Sunscreen (SPF) and Acne-Prone Skin

If you are just starting an acne treatment program at Cosmetic Doctor Dublin, one of the first things you need to do is to choose the right sunscreen for your acne-prone skin.

Protecting your skin from the sun is essential to the long-term success of your acne treatment program.

Is the Sun Bad for my skin?

Everybody needs a little sun so the skin can make vitamin D. Otherwise, you need to take a vitamin D supplement or cod liver oil.

Sunlight is damaging to skin in that it causes photoageing – freckles; hyperpigmentation marks; wrinkles and so on.

Interestingly, when the national health service of Australia started encouraging people to slather themselves with sunscreen in the early 1990′s, they were surprised that melanoma rates actually went up, instead of down.

It turns out that vitamin D protects against skin cancer, and the skin needs about 20 minutes of exposure to ultraviolet light, without sunscreen to block ultraviolet light, every day in the summer and even more during the winter if you live in a temperate or northerly climate.

However, unprotected skin out in the sun for hours each day is not healthy. Sun protection is especially important when you are using products to disinfect the skin in the treatment of acne.

Different skin types need different kinds of sunscreen.

Everyone Who Has Acne Needs Sunscreen

Generally speaking, fair skin usually burns. Dermatologists classify skin colour into Fitzpatrick skin types. Skin type I is fair skin that burns easily when exposed to sun. People who have this skin type often have blond or red hair and blue eyes- typically Irish! Sunburned skin freckles in childhood, and forms age spots in adulthood.

Skin type II is slightly more pigmented. It burns easily but can tan. Skin types III and IV are the Mediterranean or Middle Eastern “olive” skin types. Type III skin may burn, but tans easily. Type IV skin seldom burns, and tans very quickly.

Fitzpatrick skin type V is dark brown skin that rarely burns. And Fitzpatrick skin type VI is black skin that never burns, that is, unless it is being treated for acne.

There is one thing that everyone who has ever been told about their skin type needs to remember about skin types and acne: Acne medication can make every skin type behave as if it were Fitzpatrick type I.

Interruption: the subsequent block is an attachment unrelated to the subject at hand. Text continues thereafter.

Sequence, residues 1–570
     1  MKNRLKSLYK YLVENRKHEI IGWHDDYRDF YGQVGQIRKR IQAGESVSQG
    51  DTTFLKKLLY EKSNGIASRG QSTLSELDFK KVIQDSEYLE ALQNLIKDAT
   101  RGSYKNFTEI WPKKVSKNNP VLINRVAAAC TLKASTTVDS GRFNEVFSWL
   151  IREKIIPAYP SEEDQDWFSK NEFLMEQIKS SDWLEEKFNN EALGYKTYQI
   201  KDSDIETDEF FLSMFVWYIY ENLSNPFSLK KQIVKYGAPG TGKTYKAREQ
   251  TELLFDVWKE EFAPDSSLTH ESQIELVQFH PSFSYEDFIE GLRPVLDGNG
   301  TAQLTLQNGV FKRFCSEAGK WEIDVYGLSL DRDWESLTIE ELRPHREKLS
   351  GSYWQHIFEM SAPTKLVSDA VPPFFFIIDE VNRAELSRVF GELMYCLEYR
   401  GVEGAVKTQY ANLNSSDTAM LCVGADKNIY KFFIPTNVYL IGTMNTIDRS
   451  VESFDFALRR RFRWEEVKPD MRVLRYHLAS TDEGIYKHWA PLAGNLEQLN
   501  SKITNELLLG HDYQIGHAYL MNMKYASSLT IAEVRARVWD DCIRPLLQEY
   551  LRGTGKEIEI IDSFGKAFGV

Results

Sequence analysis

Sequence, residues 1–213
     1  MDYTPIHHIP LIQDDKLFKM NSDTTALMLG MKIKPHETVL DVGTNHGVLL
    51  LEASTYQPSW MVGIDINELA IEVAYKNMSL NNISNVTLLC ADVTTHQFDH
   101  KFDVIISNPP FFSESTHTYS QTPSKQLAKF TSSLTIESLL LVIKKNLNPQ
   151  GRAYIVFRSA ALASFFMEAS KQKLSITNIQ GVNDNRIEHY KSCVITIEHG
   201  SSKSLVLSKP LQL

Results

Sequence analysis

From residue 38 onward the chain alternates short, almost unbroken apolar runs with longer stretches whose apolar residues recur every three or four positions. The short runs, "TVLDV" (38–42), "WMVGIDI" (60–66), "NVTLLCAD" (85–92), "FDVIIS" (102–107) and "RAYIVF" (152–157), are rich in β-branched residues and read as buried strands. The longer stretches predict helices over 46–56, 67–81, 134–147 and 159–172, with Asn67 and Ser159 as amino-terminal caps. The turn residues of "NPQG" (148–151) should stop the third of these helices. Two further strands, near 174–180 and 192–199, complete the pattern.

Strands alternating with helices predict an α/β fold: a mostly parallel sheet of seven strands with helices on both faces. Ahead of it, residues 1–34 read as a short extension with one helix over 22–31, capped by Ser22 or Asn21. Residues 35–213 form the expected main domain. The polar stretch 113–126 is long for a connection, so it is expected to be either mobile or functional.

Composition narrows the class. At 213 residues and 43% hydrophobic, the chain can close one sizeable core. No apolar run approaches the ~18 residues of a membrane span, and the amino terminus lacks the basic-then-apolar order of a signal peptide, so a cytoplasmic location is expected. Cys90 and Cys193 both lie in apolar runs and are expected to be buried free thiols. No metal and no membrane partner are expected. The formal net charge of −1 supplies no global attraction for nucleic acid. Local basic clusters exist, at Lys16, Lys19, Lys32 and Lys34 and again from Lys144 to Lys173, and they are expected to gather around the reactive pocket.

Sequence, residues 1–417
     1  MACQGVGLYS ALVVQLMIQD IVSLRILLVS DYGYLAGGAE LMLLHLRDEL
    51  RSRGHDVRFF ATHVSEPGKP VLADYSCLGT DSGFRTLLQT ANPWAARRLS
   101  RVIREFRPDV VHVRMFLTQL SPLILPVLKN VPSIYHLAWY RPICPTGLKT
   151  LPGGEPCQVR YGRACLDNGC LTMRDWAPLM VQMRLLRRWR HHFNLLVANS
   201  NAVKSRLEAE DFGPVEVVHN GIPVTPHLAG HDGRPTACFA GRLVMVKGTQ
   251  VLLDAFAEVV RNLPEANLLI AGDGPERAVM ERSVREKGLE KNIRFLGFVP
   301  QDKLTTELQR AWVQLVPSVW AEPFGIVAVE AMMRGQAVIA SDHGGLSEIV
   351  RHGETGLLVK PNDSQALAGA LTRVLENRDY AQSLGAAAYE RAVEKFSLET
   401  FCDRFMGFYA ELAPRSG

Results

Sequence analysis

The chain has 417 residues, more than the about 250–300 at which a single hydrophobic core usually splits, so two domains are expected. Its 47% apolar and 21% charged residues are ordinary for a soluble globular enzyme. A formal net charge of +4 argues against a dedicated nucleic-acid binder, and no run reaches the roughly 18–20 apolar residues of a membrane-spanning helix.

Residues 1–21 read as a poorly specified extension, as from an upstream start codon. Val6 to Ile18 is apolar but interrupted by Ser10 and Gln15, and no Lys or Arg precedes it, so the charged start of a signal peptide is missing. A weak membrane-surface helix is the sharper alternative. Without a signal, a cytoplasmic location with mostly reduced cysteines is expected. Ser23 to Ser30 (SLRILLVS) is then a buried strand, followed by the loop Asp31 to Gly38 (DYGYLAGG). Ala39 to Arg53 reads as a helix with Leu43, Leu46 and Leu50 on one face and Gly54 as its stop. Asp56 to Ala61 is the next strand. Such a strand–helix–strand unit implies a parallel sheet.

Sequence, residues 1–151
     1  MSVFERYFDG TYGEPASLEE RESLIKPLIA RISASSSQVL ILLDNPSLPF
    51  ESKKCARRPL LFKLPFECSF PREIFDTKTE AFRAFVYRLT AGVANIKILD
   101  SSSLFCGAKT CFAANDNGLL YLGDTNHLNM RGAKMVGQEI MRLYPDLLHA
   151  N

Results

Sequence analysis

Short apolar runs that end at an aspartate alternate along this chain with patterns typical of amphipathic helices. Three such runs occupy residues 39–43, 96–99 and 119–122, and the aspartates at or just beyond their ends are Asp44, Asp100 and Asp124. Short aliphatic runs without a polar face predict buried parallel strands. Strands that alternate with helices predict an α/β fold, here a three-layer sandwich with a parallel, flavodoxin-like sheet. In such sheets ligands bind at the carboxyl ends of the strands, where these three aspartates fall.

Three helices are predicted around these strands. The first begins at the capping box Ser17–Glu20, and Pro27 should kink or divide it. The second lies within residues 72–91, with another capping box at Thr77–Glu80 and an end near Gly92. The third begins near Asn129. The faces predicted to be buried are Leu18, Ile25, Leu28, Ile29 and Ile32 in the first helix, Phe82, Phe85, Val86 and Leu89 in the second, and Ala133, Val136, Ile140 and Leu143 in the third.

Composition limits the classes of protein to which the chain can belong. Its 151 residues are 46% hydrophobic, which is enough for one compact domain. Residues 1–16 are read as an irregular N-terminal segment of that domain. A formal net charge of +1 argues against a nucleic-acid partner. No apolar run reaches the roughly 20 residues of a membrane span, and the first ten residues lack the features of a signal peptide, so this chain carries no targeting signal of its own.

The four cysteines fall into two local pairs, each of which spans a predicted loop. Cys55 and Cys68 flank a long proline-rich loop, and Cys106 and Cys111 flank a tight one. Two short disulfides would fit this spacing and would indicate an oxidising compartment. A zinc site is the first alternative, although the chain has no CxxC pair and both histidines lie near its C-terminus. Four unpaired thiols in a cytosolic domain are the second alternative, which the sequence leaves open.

How to Choose the Right Sunscreen

Cosmetic Doctor recommends Heliocare Sunscreen, which is ideal for those with acne prone skin. The Heliocare Advanced UV Protection Product Range provides clinically advanced anti-ageing and skin-health protection and enhancement.

Many people who have acne hate the feel of sunscreen even though they know they need it.

If you have oily skin and you do not use makeup, use sunscreen that contains zinc oxide and/or titanium dioxide. These chemicals serve as a physical barrier to sunlight and don’t feel greasy on your skin.

If you have oily skin and you use makeup, choose a foundation that contains sunscreen. At least SPF 15 is needed, but you can’t have too much sun protection. If you have oily skin and your makeup tends to streak, use tinted sunscreen instead of foundation and finish with an oil-absorbent powder.

If your skin is very shiny, you can mix a shine control product with your sunscreen to keep your face from showing glare. Use equal parts of sunscreen and shine control.

If you have dry skin and you do not use makeup, sunscreens that also contain pcynogenol (grape seed extract), cucumber, or saxifrage (strawberry begonia) extract can prevent freckling of your skin.

If you have dry skin and you do use makeup, any product that contains jojoba oil offers additional protection for your skin.

If you tend to break out due to “whatever,” that is, you have sensitive skin, avoid products that contain avobenzones, benzophenones, oxyphenones, methoxycinnamate (most commonly found in waterproof sunscreens), and para-aminobenzoic acid (also known as PABA). These ingredients can cause pimples.

Always avoid products that contain butyl stearate, cocoa butter, cinnamon oil, Cocos nucifera (coconut oil), decyl oleate, isopropyl isostearate, isopropyl myristate, isopropyl neopentanoate, isopropyl palmitate, myristyl myristate, myristyrl propionate, octyl palmitate, octyl stearate, peppermint oil, or propylene glycol-2 (PPG-2). Check the label. These ingredients can cause pimples to break out on acne-prone skin.

For more information or to inquire about the Heliocare advanced protection range, call Cosmetic Doctor on 01 685 3100.

For a personalised quote or to discuss your requirements, contact us today

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